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How my Dad watches the IPL Match


Time - 7:45pm

Place - Home

A portly old man sits on a chair, legs rested atop the teapoy, eyes piercing the screen of the television set, his gaze meeting Mohanlal’s (Malayalam movie Actor) eyes; almost telling the actor what to do next. Of course this man knows what happens next, for he has seen Mohanlal in the same setting romance a girl young enough to be his daughter more times than even he can remember. He wants to tell the actor not to do certain things because he knows that the outcome is not good. But he remains silent, for the only reason that he has to pretend like he does not know what happens next. Even though he has seen the film a hundred times, he must continue to make others believe that he believes he hasn’t seen it even once.

A strapping young lad hops out of the shower and heads to the bedroom. In a minute or two, he comes out and plunks down on the couch beside the old man. The lad dressed in his finest night-time PJs and the man in a traditional South-Indian ‘lungi’, greet each other with cold stares. The object of control – the TV remote, rests in the geriatric human’s hand. The youngster ponders over how to wrestle this coveted remote from the giant hand that engulfs it. He needs it to change the channel to SET MAX which airs the IPL. His opponent knows this, because the old man, is after all his old man, his dad. The young lad..me.

My dad reassures me that he too wants to watch the match and will switch the channel when it starts. He does not want to listen to someone wearing a turban, coming up with phrases and laughing as loud and as annoyingly as nails on a blackboard. Nor is he interested in watching pretty ladies interview cricketers. I say to myself, “At least he will let me see the match.” But he never said anything about ‘how much of the match.’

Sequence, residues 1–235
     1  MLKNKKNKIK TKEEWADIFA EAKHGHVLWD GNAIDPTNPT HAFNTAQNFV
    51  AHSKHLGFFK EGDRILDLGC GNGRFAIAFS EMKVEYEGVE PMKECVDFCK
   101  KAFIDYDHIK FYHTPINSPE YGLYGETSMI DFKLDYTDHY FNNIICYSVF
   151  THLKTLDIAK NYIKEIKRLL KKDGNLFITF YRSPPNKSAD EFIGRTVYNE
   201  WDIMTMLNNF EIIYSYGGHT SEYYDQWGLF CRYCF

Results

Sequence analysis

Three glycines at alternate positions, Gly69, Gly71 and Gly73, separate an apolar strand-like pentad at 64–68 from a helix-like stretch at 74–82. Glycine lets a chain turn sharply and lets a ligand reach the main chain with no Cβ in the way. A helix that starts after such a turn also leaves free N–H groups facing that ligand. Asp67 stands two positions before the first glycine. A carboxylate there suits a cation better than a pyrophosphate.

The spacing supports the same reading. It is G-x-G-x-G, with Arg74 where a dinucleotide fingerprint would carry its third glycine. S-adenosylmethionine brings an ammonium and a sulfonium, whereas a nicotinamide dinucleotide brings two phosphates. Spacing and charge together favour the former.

It’s 8:10 pm by the time I convince my dad to change the channel. The first over has already been bowled, but thankfully I haven’t missed anything exciting. The second over begins. Sachin plays some cracking drives and flicks and shows me what poetry in motion is. As soon as ball 6 of over no. 2 is done, we are looking at some guy bust his nuts on the bed because there is no light. Talk about a ‘Duh moment.’ But before I know what the ad is about, I’m now watching a bad guy try to rape an innocent young girl. I refrain from complaining because I have false hope, that my dad will change the channel in time. He takes longer than expected. Ball 4 of over no. 3 has just been bowled. I am now watching the replay of Sachin playing an exquisite lofted cover-drive. Bending down on one knee as if proposing to a girl and extending his arms creating a stunning portrait. I yell out, “See, we missed it.” “No we didn’t, you just saw it in slow motion. Much better” replies my dad. I can do nothing but accept the retort. Balls 5 and 6 pass by uneventfully. Click, the channel changes. This time, an elderly woman seems to be slapping the same young girl, yelling profanities in a language in which I understand only profanities. So this time, I’m intrigued. I think, ‘Huh! What the hell is happening?’ We continue watching it. Mohanlal seems to be interested in, what appears to be a ‘punching bag’ of a girl. A nonsensical sequence zaps me out of my trance and I argue for a change. My dad agrees and presses the button on the remote. 210 is the channel number. He presses 2, and then 1, but the 0 does not register. He presses it again. Still nothing. He slams the remote on his hand, hoping that will charge the batteries up. It works. The channel changes. But instead of the God of cricket, I see a mockery of God. Some guy in a white suit, a white background, sitting on a cloud and waving a phone in his hand saying 3G,3G,3G!! After this annoying ad, we discover that Sachin has been dismissed. I can do nothing but wait for the broadcasters to show me a replay of the wicket. A few more overs pass by in similar fashion. A bit of Mohanlal folding his lungi and a bit of Pollard smacking some sixes. By now, it’s dinner time.